Omer 49: Spiritual Freedom

Omer 49: Spiritual Freedom

Day 49: Shechinah she’b’Shechinah, Presence Within Presence

Black and white photo of a young woman with a hat and a mischievous grin sitting on a chair with no bottom illustrating a post about shechinah

Today’s post ought to be the Omer season’s grand finale. After all, the Zohar says, the spiritual task this season is to connect with Shechinah.

So I shall try to say something grand. Something final that also points to a new beginning.

This morning, as I sang Shacharit prayers, I tried to feel into today’s Omer quality. Presence within Presence. I felt my spine, tall and sturdy. My breath, easily flowing. My voice clear. And my mood light. I was focused, but in a diffuse sort of way. Aware of my body, the air around it, the room’s soft light, a sense of quiet joy.

Then, my mind wandered to another meaning of Shechinah. A feminine face of God. Shechinah she’b’Shechinah. A feminine face of God within another feminine face of God. And I thought about how many feminine faces of God there might be! Even the word “feminine” holds so many meanings.

There is so much to discover about God! If only we are willing!

Is Shechinah a Radical Idea?

A few years ago, Kabbalah scholar Danny Matt spoke at VST. (That’s my workplace.) He said “Of course the early Kabbalists spoke in metaphor! Look at the radical things they were saying. Like, God is a woman!!” Things, he said, that didn’t land then as easily as they do now.

But today I peeked at Twitter. I get a lot of religious discourse of all kinds on my feed. Including plenty of nonsense about how God in the Bible is always described as male—usually from biblical “scholars” who clearly never read Isaiah.

Today, I even saw a post from a Jewish agitator calling everyone to boycott Sefaria, the online Jewish library, because it carries one section of The JPS Tanakh: Gender-Sensitive Edition. This new translation uses “God” as the pronoun for God. Probably a better choice than a pronoun suggesting God has a male body!

But, for some people today, this translation choice doesn’t land easily. Clearly, in some circles, it is radical to talk about the divine feminine. Or even to avoid talk about the divine masculine!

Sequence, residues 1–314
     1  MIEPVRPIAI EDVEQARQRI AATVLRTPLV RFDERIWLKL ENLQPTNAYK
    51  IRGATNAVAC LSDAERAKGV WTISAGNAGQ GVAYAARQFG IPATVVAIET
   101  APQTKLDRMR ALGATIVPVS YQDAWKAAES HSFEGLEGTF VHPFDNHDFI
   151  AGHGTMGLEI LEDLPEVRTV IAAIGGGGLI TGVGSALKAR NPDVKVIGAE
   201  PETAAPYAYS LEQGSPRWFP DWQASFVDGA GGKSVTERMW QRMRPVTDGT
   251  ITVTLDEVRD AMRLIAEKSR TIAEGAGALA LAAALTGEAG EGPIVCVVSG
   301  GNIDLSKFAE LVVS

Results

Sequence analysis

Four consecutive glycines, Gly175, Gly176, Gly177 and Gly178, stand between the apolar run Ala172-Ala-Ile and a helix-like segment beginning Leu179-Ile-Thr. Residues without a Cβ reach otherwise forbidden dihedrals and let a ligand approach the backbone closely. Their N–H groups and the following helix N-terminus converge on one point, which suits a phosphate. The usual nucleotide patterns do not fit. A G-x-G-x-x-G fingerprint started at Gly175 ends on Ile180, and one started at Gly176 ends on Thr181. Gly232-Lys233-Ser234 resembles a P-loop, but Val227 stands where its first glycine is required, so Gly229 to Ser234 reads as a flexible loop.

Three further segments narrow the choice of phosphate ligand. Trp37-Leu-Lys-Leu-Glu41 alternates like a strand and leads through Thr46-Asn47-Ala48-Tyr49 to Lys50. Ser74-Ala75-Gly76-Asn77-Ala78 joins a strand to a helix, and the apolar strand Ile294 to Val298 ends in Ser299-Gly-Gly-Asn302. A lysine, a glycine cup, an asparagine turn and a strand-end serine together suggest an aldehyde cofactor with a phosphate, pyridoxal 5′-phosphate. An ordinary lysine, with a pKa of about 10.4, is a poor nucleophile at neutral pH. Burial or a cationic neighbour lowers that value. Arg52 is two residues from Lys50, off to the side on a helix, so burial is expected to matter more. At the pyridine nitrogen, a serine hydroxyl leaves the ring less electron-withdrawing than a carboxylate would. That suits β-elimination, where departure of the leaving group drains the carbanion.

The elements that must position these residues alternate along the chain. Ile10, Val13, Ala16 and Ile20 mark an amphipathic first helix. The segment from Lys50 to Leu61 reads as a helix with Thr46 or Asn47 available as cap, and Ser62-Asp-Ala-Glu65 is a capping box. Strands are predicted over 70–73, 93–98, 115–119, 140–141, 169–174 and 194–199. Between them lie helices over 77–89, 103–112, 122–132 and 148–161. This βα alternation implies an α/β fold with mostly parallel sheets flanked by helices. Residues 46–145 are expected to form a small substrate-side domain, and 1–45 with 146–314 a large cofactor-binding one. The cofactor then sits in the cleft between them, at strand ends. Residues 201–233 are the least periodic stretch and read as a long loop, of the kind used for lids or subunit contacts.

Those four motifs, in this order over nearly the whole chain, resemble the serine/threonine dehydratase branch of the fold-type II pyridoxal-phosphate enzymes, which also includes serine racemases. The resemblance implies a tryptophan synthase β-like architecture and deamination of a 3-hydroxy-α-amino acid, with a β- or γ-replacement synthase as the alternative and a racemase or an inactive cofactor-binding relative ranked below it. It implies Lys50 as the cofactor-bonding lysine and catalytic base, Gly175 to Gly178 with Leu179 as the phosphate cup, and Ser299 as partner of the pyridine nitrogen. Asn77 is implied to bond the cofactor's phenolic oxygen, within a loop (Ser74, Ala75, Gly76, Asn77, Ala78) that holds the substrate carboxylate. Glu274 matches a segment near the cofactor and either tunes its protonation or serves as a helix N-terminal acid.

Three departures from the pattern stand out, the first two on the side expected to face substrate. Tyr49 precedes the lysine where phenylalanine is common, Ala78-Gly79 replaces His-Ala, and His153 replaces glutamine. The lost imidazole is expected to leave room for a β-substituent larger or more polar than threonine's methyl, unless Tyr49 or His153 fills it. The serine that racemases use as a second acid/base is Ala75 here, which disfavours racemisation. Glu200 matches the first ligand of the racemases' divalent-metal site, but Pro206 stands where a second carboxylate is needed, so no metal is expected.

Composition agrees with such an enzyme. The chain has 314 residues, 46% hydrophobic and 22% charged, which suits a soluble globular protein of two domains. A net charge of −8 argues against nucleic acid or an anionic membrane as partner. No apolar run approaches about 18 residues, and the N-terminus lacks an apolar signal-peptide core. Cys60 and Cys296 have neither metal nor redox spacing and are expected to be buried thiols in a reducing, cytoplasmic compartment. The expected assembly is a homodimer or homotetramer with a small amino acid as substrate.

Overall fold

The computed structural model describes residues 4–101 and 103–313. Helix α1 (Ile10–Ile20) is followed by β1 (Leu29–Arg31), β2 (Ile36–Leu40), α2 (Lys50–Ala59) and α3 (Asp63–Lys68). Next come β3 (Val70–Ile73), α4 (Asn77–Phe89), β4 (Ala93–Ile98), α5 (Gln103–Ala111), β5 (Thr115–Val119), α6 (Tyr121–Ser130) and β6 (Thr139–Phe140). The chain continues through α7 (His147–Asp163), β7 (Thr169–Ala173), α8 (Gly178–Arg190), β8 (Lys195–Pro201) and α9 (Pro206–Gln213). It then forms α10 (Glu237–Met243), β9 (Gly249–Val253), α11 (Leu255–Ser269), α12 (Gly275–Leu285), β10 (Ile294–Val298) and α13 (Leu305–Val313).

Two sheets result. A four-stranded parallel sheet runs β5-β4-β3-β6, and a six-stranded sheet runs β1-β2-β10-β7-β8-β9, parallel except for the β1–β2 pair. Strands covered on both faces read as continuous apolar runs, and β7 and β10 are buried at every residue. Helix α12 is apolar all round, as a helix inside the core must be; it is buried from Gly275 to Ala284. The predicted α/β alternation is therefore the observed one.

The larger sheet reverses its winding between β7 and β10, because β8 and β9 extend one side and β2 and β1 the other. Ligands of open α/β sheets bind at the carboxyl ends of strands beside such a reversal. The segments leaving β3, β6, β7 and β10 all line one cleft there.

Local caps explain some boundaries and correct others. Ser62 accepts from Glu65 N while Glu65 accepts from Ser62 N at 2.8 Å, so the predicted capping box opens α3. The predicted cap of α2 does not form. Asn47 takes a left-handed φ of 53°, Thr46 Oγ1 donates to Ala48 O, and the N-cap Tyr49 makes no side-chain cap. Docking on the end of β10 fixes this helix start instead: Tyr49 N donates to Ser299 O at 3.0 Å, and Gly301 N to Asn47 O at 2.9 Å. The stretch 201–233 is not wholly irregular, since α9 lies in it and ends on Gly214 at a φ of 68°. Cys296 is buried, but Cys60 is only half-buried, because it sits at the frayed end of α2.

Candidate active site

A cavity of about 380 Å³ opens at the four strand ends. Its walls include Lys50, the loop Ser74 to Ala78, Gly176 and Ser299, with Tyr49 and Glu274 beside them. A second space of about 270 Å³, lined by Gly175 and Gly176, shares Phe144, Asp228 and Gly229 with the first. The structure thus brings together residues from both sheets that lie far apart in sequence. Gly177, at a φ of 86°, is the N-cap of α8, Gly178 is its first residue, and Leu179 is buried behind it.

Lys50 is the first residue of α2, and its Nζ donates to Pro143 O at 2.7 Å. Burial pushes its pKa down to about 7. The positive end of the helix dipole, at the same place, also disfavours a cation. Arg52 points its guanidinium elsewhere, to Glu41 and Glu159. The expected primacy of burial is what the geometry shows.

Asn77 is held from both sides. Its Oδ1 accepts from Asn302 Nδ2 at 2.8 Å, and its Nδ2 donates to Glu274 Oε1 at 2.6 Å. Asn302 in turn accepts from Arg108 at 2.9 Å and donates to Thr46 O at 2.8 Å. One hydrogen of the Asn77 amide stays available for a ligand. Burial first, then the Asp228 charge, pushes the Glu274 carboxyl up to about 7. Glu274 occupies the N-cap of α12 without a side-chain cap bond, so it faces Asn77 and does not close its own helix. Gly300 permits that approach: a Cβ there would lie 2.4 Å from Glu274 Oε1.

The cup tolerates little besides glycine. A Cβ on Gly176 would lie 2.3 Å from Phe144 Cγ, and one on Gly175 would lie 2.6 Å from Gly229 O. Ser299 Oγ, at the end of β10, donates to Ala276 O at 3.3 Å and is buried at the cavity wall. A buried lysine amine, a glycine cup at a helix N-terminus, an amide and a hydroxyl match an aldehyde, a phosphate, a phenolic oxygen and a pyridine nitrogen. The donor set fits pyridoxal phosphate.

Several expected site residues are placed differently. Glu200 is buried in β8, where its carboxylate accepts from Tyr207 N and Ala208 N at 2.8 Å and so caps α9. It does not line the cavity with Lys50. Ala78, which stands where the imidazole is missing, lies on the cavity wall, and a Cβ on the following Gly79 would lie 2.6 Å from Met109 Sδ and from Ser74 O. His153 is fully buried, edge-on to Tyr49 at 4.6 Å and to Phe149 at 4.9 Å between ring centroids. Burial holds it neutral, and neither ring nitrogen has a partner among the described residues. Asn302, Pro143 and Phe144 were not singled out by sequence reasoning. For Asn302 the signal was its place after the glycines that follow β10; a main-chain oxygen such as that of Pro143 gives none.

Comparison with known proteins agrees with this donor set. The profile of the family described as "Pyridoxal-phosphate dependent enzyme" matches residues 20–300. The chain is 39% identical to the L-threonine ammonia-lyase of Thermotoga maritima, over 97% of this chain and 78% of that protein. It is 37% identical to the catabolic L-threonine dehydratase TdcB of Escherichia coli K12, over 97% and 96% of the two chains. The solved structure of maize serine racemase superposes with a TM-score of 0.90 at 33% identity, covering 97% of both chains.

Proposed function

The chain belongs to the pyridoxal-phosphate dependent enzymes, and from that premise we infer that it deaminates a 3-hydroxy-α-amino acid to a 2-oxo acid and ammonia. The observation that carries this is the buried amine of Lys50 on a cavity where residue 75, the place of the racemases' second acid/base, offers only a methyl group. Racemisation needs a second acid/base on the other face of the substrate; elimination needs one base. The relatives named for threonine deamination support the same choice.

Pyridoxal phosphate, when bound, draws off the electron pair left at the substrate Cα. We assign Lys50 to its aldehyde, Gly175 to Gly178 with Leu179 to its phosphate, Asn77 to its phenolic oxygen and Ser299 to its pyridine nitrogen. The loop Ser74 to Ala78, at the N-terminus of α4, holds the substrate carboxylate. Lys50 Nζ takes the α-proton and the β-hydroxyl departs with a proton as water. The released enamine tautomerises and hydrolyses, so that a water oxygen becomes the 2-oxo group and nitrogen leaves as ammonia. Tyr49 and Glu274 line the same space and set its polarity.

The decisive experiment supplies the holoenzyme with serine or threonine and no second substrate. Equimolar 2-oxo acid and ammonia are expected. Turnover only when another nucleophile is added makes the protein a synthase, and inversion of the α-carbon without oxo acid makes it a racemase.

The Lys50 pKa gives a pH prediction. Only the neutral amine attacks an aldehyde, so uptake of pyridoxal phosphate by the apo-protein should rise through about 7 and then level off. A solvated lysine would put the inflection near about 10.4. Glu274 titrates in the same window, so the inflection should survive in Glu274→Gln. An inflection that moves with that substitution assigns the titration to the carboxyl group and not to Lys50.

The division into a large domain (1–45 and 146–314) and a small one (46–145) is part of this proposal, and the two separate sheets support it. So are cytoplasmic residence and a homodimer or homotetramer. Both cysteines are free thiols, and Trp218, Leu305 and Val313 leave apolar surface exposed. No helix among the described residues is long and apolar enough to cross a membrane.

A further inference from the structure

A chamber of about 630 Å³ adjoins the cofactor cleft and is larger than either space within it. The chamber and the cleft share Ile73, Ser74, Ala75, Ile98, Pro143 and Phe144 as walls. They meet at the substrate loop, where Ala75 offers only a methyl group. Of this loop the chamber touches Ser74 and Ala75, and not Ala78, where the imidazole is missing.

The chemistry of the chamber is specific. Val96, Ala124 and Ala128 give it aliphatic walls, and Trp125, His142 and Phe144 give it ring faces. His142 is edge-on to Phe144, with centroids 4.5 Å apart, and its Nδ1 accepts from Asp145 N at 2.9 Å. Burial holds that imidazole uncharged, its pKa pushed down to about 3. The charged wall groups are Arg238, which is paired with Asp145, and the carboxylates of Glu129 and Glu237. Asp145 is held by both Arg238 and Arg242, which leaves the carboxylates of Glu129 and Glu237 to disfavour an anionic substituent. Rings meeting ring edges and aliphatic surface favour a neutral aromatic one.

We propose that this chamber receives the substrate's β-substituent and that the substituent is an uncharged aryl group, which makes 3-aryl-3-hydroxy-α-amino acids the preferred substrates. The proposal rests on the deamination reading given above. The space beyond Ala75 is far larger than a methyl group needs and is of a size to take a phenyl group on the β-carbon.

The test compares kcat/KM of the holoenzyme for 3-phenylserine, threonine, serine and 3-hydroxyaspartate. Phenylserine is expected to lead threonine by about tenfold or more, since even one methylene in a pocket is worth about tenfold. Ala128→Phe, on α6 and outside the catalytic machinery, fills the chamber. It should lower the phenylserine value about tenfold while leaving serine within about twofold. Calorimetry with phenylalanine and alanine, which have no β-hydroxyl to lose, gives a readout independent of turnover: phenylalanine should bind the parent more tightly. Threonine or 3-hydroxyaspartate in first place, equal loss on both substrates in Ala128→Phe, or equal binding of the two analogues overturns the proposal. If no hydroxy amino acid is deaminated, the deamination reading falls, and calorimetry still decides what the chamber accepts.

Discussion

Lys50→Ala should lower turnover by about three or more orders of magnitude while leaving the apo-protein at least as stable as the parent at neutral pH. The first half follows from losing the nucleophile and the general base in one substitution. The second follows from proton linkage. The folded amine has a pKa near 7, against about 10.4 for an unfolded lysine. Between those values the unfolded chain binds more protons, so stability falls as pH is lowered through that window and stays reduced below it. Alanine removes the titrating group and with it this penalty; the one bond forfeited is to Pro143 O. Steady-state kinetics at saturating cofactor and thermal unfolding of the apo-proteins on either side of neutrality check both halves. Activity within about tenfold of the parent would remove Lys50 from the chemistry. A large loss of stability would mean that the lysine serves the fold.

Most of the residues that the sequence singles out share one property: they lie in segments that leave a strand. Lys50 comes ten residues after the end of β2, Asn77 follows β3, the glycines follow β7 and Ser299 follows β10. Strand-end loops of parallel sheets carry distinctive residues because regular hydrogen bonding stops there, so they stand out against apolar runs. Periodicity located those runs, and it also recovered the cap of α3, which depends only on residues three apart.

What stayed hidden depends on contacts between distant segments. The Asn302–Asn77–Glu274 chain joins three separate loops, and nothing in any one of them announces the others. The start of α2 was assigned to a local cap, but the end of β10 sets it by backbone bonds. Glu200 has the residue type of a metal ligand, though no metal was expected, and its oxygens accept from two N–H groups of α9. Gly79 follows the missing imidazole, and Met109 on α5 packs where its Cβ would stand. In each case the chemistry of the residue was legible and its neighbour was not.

So I realized: how precious is the spiritual freedom I take for granted! To ask questions about what texts and teachings really mean. Trust my own thoughts and feelings for answers. Listen as dreams speak deeper truths. Invent my own spiritual practices. Discover new dimensions of Spirit in daily life.

What a seven week journey through the Omer it has been! We have taken spiritual practice into our own hands. Discovered for ourselves what our religion means. Explored our own vocabulary for the sacred.

It’s only the beginning! And so, as they say, see you at Sinai!

Questions about the last 49 days

What have you learned—about yourself, Judaism, spirituality? Has your feeling of spiritual presence shifted? Did you explore any spiritual practices you would like to continue? Do you imagine or experience God differently?

New to the Omer? Here’s a guide to the theory and practice.

Image: An old photo I took of my high school friend Susi Korda. This is the photo I refer to on Omer Day 49 in Shechinah, Bring Me Home.

  1. Thank you so very much Reb Laura for this outstanding finale to a most enlightenment Omer series. May HaShechinah continue to bless you in all that you do!

    1. Thank you Mike for this note and for all you do. May the Shechinah and the KB”H and all the attributes together bless the work of your heart, mind, and hands.

  2. Thank you, Reb Laura, for a beautiful, inspiring seven weeks. I love Counting Omer and your reflections here and in your book added to my experience this year. Chag Sameach!

    1. Thank you so much, Anne, for this delightful message. Chag sameach and many blessings to you!

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